Bottlenose Dolphin

Tursiops truncatus

The Scottish bottlenose dolphins are considerably larger than their cousins living in the warmer waters off Florida, USA. These dolphins can be between 3 and 4 metres in length and are normally to be seen in pods (groups) of up to ten animals. Pods can form to make much larger groups at times.

Bottlenose dolphins are grey in colouring, with a pale, almost white underside, however the colours of individuals vary. The upper body from dark grey to grey brown and the underside from light grey to white. The lower jaw is distinctive as it extends out further than the upper jaw.

This active and playful cetacean can be seen jumping up out of the water (breaching) and swimming at up to 20mph when hunting. They eat fish, such as Atlantic salmon and have been known to kill harbour porpoise, but not for food.

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Discover more about the Bottlenose Dolphin

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When to see

They are resident in Scotland throughout the year but are more visible in calmer sea conditions in the spring and summer. Dolphins can be more visible at low tide inshore. Dolphins need to breathe air and they can be seen at the surface briefly as they take a breath when travelling along in a pod offshore.

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Where to see

Seen around the coasts of Scotland they are sometimes visible from good shoreline vantage points. Watch the seascape with the naked eye at first, then once a pod is spotted, use binoculars to see activity more closely.

The Moray Firth is one of the best places to see bottlenose dolphins in the UK, with the beach below the lighthouse at Chanonry Point on the north shore of the Moray Firth being particularly notable. Other good spots include off the coast of Aberdeen, the West Coast around Mull, Firth of Lorn, Canna and Skye and increasingly in the Firth of Forth.

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Did you know?

Bottlenose dolphins are vulnerable to disturbance. If you are on the water in the vicinity of dolphins, let the dolphins choose whether they want to associate with the boat. Follow the Scottish Marine Wildlife Watching Code at all times.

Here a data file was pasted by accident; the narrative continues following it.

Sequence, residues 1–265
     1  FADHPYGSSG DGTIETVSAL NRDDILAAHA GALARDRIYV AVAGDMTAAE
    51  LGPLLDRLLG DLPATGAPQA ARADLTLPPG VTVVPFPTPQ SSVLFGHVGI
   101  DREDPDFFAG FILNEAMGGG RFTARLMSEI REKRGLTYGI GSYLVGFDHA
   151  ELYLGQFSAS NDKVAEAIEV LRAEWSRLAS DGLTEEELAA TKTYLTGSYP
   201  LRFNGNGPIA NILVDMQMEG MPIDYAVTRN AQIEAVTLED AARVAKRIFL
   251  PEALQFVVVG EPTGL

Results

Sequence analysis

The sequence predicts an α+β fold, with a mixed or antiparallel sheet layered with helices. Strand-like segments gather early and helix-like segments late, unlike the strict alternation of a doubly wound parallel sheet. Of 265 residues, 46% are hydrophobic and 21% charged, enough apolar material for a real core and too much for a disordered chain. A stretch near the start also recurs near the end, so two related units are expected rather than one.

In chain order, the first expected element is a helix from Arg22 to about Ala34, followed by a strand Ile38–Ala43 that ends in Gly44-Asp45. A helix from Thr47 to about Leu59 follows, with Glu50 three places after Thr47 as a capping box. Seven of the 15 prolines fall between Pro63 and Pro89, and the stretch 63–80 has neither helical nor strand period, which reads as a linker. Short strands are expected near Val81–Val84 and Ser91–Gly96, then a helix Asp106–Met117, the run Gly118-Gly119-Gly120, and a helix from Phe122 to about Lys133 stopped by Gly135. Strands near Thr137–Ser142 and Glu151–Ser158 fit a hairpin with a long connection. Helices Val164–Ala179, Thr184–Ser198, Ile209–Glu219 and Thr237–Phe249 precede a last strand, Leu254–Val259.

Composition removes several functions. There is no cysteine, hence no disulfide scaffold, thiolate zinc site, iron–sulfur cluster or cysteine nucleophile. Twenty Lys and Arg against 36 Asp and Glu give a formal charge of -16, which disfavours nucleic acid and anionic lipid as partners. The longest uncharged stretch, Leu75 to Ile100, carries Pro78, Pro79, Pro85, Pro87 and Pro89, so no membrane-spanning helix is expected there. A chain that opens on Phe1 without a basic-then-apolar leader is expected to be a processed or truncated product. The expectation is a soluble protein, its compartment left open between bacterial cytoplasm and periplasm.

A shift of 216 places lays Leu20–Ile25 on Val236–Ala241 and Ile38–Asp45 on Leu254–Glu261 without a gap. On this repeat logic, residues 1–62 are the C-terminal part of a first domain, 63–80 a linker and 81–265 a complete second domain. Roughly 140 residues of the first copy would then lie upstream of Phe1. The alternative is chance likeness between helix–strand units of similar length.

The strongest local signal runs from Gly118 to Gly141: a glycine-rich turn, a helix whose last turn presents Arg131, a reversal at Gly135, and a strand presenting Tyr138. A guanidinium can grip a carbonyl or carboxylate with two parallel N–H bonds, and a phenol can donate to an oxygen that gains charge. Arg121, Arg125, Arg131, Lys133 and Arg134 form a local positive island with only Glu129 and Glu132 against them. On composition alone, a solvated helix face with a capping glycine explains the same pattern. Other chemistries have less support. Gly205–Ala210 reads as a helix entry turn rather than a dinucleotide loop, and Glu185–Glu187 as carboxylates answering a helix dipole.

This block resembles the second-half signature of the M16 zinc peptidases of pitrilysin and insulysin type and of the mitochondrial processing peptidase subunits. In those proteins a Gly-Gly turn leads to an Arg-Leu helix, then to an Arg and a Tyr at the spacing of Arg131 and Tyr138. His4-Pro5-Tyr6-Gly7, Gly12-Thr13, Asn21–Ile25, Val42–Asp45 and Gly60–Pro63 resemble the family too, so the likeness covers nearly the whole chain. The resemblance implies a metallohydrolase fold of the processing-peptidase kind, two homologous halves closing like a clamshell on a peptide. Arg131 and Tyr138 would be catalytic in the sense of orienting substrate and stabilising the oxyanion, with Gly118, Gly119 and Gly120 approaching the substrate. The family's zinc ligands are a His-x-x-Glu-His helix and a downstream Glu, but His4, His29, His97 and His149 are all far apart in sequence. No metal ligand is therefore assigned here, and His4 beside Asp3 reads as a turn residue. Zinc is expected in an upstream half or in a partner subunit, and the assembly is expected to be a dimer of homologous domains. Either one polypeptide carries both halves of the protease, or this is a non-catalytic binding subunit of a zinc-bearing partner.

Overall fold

If you are choosing a dolphin-watching operators, look for the Wild Scotland or WISE logos which indicate that the operators know how to handle the boat around marine mammals. Never swim with dolphins.

Binoculars Icon Blue
When to see

They are resident in Scotland throughout the year but are more visible in calmer sea conditions in the spring and summer. Dolphins can be more visible at low tide inshore. Dolphins need to breathe air and they can be seen at the surface briefly as they take a breath when travelling along in a pod offshore.

Map Icon Blue
Where to see

Seen around the coasts of Scotland they are sometimes visible from good shoreline vantage points. Watch the seascape with the naked eye at first, then once a pod is spotted, use binoculars to see activity more closely.

The Moray Firth is one of the best places to see bottlenose dolphins in the UK, with the beach below the lighthouse at Chanonry Point on the north shore of the Moray Firth being particularly notable. Other good spots include off the coast of Aberdeen, the West Coast around Mull, Firth of Lorn, Canna and Skye and increasingly in the Firth of Forth.

Book Icon Blue
Did you know?

Bottlenose dolphins are vulnerable to disturbance. If you are on the water in the vicinity of dolphins, let the dolphins choose whether they want to associate with the boat. Follow the Scottish Marine Wildlife Watching Code at all times.

If you are choosing a dolphin-watching operators, look for the Wild Scotland or WISE logos which indicate that the operators know how to handle the boat around marine mammals. Never swim with dolphins.

Binoculars Icon Blue
When to see

They are resident in Scotland throughout the year but are more visible in calmer sea conditions in the spring and summer. Dolphins can be more visible at low tide inshore. Dolphins need to breathe air and they can be seen at the surface briefly as they take a breath when travelling along in a pod offshore.

Map Icon Blue
Where to see

Seen around the coasts of Scotland they are sometimes visible from good shoreline vantage points. Watch the seascape with the naked eye at first, then once a pod is spotted, use binoculars to see activity more closely.

The Moray Firth is one of the best places to see bottlenose dolphins in the UK, with the beach below the lighthouse at Chanonry Point on the north shore of the Moray Firth being particularly notable. Other good spots include off the coast of Aberdeen, the West Coast around Mull, Firth of Lorn, Canna and Skye and increasingly in the Firth of Forth.

Book Icon Blue
Did you know?

Bottlenose dolphins are vulnerable to disturbance. If you are on the water in the vicinity of dolphins, let the dolphins choose whether they want to associate with the boat. Follow the Scottish Marine Wildlife Watching Code at all times.

If you are choosing a dolphin-watching operators, look for the Wild Scotland or WISE logos which indicate that the operators know how to handle the boat around marine mammals. Never swim with dolphins.

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